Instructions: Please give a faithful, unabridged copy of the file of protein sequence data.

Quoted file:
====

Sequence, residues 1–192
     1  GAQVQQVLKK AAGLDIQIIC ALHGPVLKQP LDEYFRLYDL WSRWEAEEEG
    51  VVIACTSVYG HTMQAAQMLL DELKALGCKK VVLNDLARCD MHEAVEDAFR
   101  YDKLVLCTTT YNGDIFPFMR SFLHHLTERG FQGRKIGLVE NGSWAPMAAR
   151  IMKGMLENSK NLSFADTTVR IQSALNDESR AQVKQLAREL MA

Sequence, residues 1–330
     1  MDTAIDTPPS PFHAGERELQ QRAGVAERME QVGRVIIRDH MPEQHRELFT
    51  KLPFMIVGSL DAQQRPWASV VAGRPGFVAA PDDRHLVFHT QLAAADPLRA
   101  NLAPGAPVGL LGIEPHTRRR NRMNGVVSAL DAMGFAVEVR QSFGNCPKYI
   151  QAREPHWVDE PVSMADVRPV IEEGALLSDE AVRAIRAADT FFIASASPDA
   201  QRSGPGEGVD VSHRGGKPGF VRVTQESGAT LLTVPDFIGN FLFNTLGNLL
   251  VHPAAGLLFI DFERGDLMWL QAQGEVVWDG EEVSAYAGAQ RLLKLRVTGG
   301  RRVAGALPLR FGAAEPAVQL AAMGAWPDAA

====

Sequence, residues 1–192
     1  GAQVQQVLKK AAGLDIQIIC ALHGPVLKQP LDEYFRLYDL WSRWEAEEEG
    51  VVIACTSVYG HTMQAAQMLL DELKALGCKK VVLNDLARCD MHEAVEDAFR
   101  YDKLVLCTTT YNGDIFPFMR SFLHHLTERG FQGRKIGLVE NGSWAPMAAR
   151  IMKGMLENSK NLSFADTTVR IQSALNDESR AQVKQLAREL MA

Sequence, residues 1–330
     1  MDTAIDTPPS PFHAGERELQ QRAGVAERME QVGRVIIRDH MPEQHRELFT
    51  KLPFMIVGSL DAQQRPWASV VAGRPGFVAA PDDRHLVFHT QLAAADPLRA
   101  NLAPGAPVGL LGIEPHTRRR NRMNGVVSAL DAMGFAVEVR QSFGNCPKYI
   151  QAREPHWVDE PVSMADVRPV IEEGALLSDE AVRAIRAADT FFIASASPDA
   201  QRSGPGEGVD VSHRGGKPGF VRVTQESGAT LLTVPDFIGN FLFNTLGNLL
   251  VHPAAGLLFI DFERGDLMWL QAQGEVVWDG EEVSAYAGAQ RLLKLRVTGG
   301  RRVAGALPLR FGAAEPAVQL AAMGAWPDAA